Tuesday, December 23, 2014

The Spirits of Christmas Past

For all practical purposes, I spent my entire childhood in a single home in the western suburbs of Chicago. My family moved into that house a month before I turned four and I have only the sketchiest of memories from before then.

While my recollections associated with that house are rich and varied, today it seems appropriate to narrow my attention to Christmas there, about which I have memories that are rich and varied enough.

The house was a two-story split-level. All the upstairs was given over to bedrooms and bathrooms. Downstairs, the primary living area was a square ring of kitchen, dining room, living room, and hall. Three steps below that was a secondary ring comprised of less public spaces: laundry room, half bath, furnace room, den, and playroom.

The "official" start of the Christmas season at our house was when my mother unpacked the Twelve Days of Christmas ornaments and installed them on the paneling above the living room fireplace. These were colored paper constructions of a partridge, turtle dove, French hen, calling bird, golden rings, goose on a nest, swan, milking maid, dancing lady, leaping lord, piper, and drummer. My mother had handcrafted these yuletide decorations following patterns she found in Ladies Home Journal (or its socioeconomic equivalent—you know Martha Stewart would have been all over this but it was before her time). 

Next, Mom pressed into service the myriad glittering and multicolored Christmas cards we received, turning them into a seasonal frieze taped along the front facing of the valence lighting in the living room. Eventually, of course—somewhere in the vicinity of solstice—we'd buy a tree (always a long-needled Scotch pine), installing it in the corner of the living (right beneath the twelfth drummer).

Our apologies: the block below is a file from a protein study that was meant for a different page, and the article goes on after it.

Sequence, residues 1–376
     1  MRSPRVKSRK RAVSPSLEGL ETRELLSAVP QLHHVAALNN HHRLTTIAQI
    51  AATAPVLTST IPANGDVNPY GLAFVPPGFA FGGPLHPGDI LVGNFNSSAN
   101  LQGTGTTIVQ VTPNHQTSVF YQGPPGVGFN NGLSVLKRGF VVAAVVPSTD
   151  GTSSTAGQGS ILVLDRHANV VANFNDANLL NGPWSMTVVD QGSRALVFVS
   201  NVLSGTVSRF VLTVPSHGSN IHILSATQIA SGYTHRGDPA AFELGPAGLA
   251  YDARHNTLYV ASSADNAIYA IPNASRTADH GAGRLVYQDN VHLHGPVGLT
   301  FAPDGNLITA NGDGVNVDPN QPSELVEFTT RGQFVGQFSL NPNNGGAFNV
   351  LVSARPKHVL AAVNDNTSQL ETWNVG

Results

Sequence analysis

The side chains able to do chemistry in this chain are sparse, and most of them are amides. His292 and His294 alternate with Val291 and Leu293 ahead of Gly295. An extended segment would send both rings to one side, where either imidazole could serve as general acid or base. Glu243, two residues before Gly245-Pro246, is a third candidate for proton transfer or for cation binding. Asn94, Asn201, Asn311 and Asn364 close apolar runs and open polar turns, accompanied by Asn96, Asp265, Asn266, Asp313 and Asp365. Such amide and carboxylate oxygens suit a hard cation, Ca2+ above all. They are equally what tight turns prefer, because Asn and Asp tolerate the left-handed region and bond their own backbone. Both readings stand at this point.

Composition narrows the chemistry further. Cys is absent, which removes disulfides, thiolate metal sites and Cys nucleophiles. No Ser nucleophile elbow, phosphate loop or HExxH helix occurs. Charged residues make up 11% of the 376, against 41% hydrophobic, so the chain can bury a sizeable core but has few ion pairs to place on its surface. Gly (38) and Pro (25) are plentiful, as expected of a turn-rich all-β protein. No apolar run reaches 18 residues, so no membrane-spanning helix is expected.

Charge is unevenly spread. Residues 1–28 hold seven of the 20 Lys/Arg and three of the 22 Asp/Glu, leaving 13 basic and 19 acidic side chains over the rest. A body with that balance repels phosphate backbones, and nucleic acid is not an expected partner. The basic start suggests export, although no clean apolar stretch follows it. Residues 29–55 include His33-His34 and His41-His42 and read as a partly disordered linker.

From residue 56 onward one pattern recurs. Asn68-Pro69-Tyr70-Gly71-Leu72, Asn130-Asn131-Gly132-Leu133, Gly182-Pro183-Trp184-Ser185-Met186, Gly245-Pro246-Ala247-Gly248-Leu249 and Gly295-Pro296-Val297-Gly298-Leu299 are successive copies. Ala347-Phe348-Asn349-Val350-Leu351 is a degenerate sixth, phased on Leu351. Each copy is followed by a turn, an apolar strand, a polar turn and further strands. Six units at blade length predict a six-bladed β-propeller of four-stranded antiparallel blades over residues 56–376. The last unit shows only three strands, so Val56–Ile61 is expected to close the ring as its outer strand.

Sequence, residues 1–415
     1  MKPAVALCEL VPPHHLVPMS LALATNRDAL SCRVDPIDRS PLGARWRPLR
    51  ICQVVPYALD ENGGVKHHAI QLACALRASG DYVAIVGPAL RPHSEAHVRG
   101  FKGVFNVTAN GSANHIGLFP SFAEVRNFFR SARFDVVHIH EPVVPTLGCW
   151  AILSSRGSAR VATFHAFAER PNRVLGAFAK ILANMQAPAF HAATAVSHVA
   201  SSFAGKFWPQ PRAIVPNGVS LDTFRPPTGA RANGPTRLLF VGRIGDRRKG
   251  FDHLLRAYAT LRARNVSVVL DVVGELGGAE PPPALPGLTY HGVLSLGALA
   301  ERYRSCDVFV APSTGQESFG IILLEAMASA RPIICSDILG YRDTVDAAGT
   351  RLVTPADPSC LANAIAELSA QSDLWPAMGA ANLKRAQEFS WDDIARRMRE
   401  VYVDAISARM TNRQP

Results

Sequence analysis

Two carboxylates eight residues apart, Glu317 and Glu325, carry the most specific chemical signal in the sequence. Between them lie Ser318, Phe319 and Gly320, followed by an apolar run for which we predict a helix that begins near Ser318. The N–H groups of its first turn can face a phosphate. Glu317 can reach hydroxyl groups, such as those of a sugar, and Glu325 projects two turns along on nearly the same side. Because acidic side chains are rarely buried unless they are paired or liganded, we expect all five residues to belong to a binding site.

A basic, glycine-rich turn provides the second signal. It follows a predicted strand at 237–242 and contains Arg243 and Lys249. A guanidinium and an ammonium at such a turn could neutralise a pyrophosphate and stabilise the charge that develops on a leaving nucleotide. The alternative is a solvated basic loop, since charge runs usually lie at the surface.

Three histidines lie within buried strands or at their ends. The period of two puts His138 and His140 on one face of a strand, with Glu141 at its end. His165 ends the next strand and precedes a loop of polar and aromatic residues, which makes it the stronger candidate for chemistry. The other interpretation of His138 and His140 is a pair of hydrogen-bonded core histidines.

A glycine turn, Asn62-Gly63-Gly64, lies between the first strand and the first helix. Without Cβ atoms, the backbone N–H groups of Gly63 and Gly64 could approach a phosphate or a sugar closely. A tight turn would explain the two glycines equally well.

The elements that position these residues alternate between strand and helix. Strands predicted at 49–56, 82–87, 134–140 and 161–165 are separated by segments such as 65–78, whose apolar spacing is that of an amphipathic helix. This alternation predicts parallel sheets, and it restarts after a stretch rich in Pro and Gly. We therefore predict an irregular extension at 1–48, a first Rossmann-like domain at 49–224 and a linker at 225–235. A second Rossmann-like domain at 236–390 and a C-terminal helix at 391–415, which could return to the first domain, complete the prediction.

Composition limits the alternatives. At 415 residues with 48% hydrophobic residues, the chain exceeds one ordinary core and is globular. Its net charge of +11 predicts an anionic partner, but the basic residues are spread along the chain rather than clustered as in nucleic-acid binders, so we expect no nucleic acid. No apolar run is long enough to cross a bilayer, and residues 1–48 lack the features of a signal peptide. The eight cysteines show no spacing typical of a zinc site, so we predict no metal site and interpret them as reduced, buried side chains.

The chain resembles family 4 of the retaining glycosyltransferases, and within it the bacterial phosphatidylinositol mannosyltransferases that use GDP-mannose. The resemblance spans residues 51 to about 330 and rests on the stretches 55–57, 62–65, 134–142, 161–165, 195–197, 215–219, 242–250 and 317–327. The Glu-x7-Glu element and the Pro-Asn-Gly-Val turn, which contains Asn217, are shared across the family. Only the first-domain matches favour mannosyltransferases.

Gradually, presents would start accumulating under the tree. One of the cherished games among us children was hiding and searching for a small paper mache brown owl (about an inch or so tall) that had been rescued from the packaging for a long-forgotten gift to become a favorite homemade tree ornament that was damn hard to find amidst the many lights and shiny objects on the tree.

My favorite time of all though was Christmas Eve, when the bulk of the presents made their way to the tree. The ritual that evolved at my house involved sequestering the den as Santa's Workshop, such that by eight or nine pm you had to have an appointment to go in there. The 3'x5' table had been cleared of mundane household detritus and given over to scissors; tubes of wrapping paper; boxes of ribbons, bows, and name tags; and Scotch tape in unlimited rolls.

My unflappable mother would be nursing a highball of watered scotch (carefully consumed at a leisurely rate: high enough to maintain holiday cheer yet low enough to avoid dropping any balls when it came to choreographing the dawn raid on the present horde, followed by holiday feasting), and we'd negotiate den times through her, acting in the capacity of the Workshop's majordomo.

In my teen years I liked to take one of the last shifts (circa 2 am), where I relished gathering up my stash of goodies and entering the inner sanctum of the Workshop. There I got to select the wrapping paper for each gift (curling my own ribbons), and trying to concoct word play and obscure references for the name tags. For that night only, wrap music meant Burl Ives.

Christmas morning was always a blur of flying paper and excited voices. While it was mostly a free-for-all when all us kids were under 10, it became more civilized as we grew older and were able to understand the nuance of deferred gratification—where it was OK to open presents one at a time and we could all appreciate the giving, even when it was neither from us nor to us.

I remember Christmas breakfast featuring homemade coffee cake laden with a cinnamon and brown sugar topping—the perfect foil to strong coffee with half and half. The dinner menu would vary over the years. While turkey was a popular choice, it might as well be ham with pineapple rings and hot mustard sauce (Coleman's mixed with a dab of water and honey), or roast beef with Aunt Hennie's red currant jelly. 

I think my favorite Christmas dessert is plum pudding with rum sauce and hard sauce (Hennie, take another bow). This traditional English recipe features: a) a steamed pudding with lots of fruit; b) a sweet roux laced with rum and/or bourbon, poured warm over the pudding; and c) butter with all the powdered sugar mixed into it that your wrist and forearm can stand, served cold. When consuming this delectable you can virtually feel your fillings dissolve in the sugar.

This year Ma'ikwe will cook a ham, and there's just enough time to get the ingredients for plum pudding. While it may not be possible to go home again in all ways, we can nonetheless embrace rituals that invoke memories that bridge the rose-colored days of our youth to loved ones today. 

Merry Christmas to all.

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